Bratislava metro

Bratislava metro, illusion or future?

It's Monday morning, you make your morning coffee, enjoy breakfast, set yourself up for a good mood wave and start your week in a positive vibe. You get in the car and there it falls on you, the stress of traveling to work. Congested roads, nervous drivers, honking, standing at red lights, surrounded by bustle and nervousness. And that eternal dilemma of where to park. But you know that? And the thought runs through your head, "if only Bratislava had a metro, travel would be easier!"

But few people know that the Bratislava metro has really begun to be built. In 1974, the project was approved as the backbone of the public transport system. At that time in the former Czechoslovakia, the name "high-speed railway" was used for political reasons, because the metro was supposed to be only in metropolises, and this was Prague. Such a metro already existed in Prague, so it would be the second Soviet-type high-speed railway in Czechoslovakia. As in Prague, where the metro connected the city center with the surrounding city districts, in Bratislava the metro was supposed to connect the city districts on both banks of the Danube and the historical core of the city. Petržalka grew with prefabricated buildings and was supposed to increase the population of Bratislava by 150,000 inhabitants, the population of Bratislava was then around 290,000 inhabitants.

Temporary high-speed runway

The population in Bratislava grew faster than the city expected, and therefore it was necessary to quickly solve the transport of the population from Petržalka across the Danube, so the construction of a temporary surface high-speed railway was approved. The plan was to use the railway line on the Old Bridge, which ceased to be used in 1983 after the opening of the Harbour Bridge. The line was to be 2.6 kilometers long with three stations. The depot was planned at the former railway station Mlynské Nivy. Construction began in 1985, but construction was suspended after about two years.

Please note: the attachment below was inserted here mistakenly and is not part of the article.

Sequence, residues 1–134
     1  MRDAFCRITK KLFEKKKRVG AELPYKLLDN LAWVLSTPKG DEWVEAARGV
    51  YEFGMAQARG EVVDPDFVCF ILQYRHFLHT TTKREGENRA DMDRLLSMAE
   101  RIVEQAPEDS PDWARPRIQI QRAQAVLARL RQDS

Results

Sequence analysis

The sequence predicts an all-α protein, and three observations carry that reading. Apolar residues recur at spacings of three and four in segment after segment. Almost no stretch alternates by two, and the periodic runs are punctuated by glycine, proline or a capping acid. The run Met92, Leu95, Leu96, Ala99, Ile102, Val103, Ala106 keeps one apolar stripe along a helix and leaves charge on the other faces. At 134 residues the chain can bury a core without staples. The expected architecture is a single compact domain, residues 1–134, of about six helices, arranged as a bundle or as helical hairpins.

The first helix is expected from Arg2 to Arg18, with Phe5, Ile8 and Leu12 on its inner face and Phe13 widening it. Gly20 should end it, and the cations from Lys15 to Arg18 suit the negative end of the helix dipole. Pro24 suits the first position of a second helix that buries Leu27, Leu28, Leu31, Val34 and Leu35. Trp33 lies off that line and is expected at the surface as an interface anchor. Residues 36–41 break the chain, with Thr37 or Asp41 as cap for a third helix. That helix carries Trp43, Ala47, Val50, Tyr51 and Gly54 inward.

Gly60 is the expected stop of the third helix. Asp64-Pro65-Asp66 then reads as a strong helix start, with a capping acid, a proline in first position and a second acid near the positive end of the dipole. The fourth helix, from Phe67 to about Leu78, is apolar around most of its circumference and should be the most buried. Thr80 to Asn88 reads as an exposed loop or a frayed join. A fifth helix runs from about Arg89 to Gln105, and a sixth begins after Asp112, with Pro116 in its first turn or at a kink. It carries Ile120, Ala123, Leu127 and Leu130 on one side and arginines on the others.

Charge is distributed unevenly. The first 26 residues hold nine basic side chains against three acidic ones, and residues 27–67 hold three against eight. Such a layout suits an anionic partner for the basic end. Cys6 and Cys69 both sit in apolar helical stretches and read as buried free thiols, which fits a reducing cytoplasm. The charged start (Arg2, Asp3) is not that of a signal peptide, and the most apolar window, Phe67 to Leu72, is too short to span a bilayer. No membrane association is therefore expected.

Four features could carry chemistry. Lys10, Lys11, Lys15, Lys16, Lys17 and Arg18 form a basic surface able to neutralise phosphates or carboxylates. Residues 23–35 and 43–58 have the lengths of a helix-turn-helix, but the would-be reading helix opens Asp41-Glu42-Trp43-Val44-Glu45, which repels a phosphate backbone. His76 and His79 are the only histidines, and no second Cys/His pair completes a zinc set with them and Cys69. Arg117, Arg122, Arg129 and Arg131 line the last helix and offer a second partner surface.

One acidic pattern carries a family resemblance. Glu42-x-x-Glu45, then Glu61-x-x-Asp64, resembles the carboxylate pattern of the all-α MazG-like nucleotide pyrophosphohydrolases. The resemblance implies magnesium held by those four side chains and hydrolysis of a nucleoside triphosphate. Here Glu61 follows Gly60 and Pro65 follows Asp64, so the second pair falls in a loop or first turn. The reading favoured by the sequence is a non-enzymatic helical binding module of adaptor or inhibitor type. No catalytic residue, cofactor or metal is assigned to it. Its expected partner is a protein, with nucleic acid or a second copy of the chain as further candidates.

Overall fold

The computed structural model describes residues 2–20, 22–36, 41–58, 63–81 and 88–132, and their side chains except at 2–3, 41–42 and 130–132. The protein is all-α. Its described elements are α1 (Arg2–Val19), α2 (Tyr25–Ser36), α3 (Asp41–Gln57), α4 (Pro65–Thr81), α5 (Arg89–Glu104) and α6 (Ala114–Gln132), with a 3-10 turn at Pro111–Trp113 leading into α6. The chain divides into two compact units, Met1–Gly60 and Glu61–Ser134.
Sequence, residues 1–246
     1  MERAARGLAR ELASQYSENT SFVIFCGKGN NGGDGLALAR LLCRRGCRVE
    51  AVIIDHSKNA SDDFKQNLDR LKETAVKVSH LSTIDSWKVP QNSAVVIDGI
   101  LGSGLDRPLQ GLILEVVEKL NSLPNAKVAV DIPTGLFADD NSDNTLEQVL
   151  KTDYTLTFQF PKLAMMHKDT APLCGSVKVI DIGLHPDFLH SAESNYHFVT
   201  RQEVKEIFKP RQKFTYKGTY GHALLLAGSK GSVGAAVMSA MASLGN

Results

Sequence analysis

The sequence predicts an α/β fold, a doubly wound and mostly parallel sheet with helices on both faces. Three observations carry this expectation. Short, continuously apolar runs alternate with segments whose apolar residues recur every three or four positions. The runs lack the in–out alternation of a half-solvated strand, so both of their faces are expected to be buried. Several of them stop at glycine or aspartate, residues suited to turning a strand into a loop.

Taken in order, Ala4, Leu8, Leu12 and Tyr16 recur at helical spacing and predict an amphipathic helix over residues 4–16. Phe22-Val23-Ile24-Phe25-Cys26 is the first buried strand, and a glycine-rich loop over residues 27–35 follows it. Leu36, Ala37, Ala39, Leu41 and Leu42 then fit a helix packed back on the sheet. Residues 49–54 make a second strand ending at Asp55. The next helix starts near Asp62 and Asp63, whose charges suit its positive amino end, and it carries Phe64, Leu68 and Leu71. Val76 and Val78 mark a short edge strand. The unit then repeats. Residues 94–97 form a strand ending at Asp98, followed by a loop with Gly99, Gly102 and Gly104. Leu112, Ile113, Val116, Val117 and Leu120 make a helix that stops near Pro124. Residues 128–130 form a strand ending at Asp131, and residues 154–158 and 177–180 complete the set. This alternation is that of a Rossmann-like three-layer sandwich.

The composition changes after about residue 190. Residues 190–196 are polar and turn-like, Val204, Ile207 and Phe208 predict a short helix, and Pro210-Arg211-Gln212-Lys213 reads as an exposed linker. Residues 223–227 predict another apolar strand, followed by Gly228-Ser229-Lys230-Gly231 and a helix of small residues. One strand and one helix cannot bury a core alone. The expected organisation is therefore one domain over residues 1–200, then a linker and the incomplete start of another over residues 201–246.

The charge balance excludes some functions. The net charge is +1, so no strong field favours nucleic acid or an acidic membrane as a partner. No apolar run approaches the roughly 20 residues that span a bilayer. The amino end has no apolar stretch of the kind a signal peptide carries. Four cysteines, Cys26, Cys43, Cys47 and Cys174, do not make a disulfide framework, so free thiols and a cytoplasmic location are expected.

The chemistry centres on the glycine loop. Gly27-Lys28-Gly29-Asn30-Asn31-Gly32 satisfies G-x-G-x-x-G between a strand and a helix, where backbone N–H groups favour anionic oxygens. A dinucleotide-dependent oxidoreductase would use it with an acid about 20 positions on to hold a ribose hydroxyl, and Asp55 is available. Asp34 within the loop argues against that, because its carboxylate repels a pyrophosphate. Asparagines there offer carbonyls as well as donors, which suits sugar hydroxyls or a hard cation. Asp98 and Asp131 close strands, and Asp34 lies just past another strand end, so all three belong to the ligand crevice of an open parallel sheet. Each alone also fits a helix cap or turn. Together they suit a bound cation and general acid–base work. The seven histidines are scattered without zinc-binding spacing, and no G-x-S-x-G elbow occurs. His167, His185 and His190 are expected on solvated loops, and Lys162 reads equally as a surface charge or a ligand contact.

The construction of the metro itself began in 1988, when the foundation stone was laid on the site of the future Danube station, today's Pribinova Street. The plans of the metro consisted of two lines. Line A (blue) and line B (red). Route B should connect the whole of Petržalka, continue under the Danube to Kamenné námestie, Obchodná street, Hlavná stanica, Trnavské mýto and further to Ružinov, with a total length of 10 kilometers and there should be 9 stations. On the southern outskirts of Petržalka there was also to be a depot Janíkov Dvor, this route was to be completed in 2000. The second route, route A, would lead from Devínska Nová Ves through Dúbravka to Rača. These two routes would be connected at two places in the center of Bratislava, which would allow easy and pleasant transfer from line A to line B and vice versa. The planned length of the underground expressway was 29 kilometers.

The technical, but mainly economical complexity of the construction eventually caused the project to be suspended. Although construction was already in full swing, after the division of the republic and the change of regime in 1989, the whole project was stopped and never came to life again. And so we don't have a metro in Bratislava, but you can find the most expensive graffiti wall in the world. It is located at the end of Bratislava's Petržalka in Janíkový Dvor, in the depot of our imaginary metro.